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Not Registering

PORTSMOUTH – Lynn Krizic arrived in the summer of 2011 to become the town’s new school superintendent – a fresh start after a suburban Chicago school district decided not to renew her contract as superintendent.

 

She came with a doctorate degree from the University of Illinois and a vanity plate from the state of Illinois trumpeting that accomplishment: DOC LSK 1.

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A year and a half later, Krizic still has her 2003 Saab 2.3 Turbo registered in Illinois, despite a Rhode Island law that says she has 30 days to change registrations after moving here. We caught up with Krizic as she arrived for work in the Saab the week before Christmas.

 

Krizic: ”You know I just haven’t changed (the license plates) out yet. My husband travels extensively; he’s been renewing the insurance from afar and I just haven’t changed those out yet.”

 

Hummel: “It’s been 18 months, though.”

 

Krizic: “I know it has; I know it’s been a long time.”

 

Hummel: “You know the law in Rhode Island says 30 days?”

 

Krizic: “You know, someone did inform me of that – that I have 30 days once you move here. So yes, it’s obviously something I have to take care of once the new year happens.”

 

What Krizic didn’t tell us was that the School Committee told her a year ago she needed to change her license plates. David Croston, the newly elected chairman, tells the Hummel Report the committee gave her a warning, then said it was a personal matter for her to take care of.

 

Krizic, who lived in Portsmouth for her first year in Rhode Island, did register for the 2012 beach season in Little Compton, where she moved six months ago.

 

We found the sticker on her Illinois license plate expired last April and the windshield sticker in the city of Elmhurst, Illinois, where she lived before coming to Portsmouth, also out of date.

 

Elmhurst does not charge property taxes on cars.

 

Hummel: “You know that your plates even in Illinois are expired.”

 

Krizic: “Actually they’re not expired; my sticker is at home, it is not expired. If you go into the system my plates have been renewed.”

 

Two days after our interview, a current sticker appeared on her car, which is parked across from Town Hall in front of the School Administration building – one of the most public intersections in town. Portsmouth’s police chief told The Hummel Report last month that if Krizic doesn’t register in 30 days, his department will take action.

 

The law addressing out-of-state plates has come into sharper focus since the General Assembly eliminated its car tax subsidy several years ago, putting an added tax burden on most Rhode Island motorists, including some with older cars who haven’t had to pay any car tax for years.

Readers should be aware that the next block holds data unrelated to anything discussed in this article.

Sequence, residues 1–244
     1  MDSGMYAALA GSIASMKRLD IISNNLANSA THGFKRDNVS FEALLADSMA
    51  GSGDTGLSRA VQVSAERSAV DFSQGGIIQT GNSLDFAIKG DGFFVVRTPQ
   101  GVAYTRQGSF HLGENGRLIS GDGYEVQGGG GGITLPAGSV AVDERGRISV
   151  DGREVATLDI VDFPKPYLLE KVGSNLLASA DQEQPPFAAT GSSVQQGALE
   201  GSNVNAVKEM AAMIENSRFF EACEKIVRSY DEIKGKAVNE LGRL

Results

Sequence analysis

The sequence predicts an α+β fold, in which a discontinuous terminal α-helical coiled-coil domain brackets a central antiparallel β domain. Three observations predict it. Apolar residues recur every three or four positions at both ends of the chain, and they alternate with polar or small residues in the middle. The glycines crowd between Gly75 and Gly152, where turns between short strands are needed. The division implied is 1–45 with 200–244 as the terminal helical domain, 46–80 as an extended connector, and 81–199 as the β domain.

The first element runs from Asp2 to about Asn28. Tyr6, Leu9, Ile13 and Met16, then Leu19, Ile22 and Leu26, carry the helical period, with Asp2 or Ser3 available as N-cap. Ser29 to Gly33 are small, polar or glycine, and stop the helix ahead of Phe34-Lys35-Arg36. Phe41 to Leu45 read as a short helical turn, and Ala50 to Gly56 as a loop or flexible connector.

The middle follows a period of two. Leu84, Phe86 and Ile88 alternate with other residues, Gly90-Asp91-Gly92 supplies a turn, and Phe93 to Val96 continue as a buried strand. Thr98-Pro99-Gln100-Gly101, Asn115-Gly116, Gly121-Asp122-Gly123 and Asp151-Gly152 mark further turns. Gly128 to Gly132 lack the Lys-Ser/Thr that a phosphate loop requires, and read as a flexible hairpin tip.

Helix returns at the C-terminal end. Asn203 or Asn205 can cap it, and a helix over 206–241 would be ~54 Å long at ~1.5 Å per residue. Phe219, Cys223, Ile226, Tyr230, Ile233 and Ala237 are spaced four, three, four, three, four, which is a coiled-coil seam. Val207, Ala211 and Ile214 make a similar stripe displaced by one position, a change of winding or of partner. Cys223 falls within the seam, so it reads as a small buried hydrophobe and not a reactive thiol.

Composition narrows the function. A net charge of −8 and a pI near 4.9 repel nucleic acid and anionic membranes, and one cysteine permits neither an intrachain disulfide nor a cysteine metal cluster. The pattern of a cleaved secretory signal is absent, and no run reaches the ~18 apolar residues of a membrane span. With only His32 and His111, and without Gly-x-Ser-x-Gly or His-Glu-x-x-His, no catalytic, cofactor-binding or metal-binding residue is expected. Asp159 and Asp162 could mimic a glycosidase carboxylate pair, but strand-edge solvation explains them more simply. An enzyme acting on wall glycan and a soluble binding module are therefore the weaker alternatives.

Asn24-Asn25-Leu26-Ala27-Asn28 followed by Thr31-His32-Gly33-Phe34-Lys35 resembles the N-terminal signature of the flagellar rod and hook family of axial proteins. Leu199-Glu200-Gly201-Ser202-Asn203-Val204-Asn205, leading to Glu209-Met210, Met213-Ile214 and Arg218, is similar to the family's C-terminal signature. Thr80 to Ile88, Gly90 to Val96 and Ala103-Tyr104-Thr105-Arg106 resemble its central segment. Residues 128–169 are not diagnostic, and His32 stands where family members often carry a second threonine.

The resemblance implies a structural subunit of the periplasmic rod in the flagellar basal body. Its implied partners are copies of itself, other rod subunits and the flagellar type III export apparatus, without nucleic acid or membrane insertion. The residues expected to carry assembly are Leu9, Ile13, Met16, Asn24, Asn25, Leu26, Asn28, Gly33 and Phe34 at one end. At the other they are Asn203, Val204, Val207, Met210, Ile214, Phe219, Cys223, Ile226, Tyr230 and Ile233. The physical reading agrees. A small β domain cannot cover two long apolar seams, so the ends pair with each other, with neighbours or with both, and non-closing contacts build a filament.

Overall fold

And at least one community has begun to crack down. The tax assessor in Barrington two months ago began visiting places in town – like the high school parking lot – where out-of-state vehicles being driven by residents were appearing regularly. The assessor has sent letters to the owners, encouraging them to get registered before the town notifies the police.

 

Krizic downplayed the revenue the car tax generates as a funding mechanism for Portsmouth schools.

 

Krizic: “You know the car taxes that everybody pays in Portsmouth are not going to have any impact on our state aid. Our state aid is based on a formula, based on students, based on free and reduced lunch, and even if the town of Portsmouth – if they bought 10 cars and paid taxes on those 10 cars it would not increase our state aid here.”

 

Hummel: “It wouldn’t increase your state aid, but it’s the amount you’re paying locally the people in Portsmouth pick up, right?”

 

Krizic: “You know, I really do appreciate this opportunity to talk to you and I don’t really know where this conversation is going.”

 

Hummel: “Well, the fact is there are people who pay property taxes because they have to register their car 30 days after they move here. Your car is not registered in Rhode Island, you’re not paying taxes on that car, and that affects the local budget. Would you agree with all of that?”

 

Krizic: “Indirectly maybe, but not directly. It does not affect our budget directly.”

 

Krizic is mid-way through a three-year contract that pays her $145,000 a year, plus an $8,000 annual expense account.

 

Last week Krizic was back to work after the Christmas vacation and still had not registered her car in Rhode Island.

 

To see the video version of this story go to www.hummelreport.org. If you have a story idea for Jim send it directly to jim@hummelreport.org.

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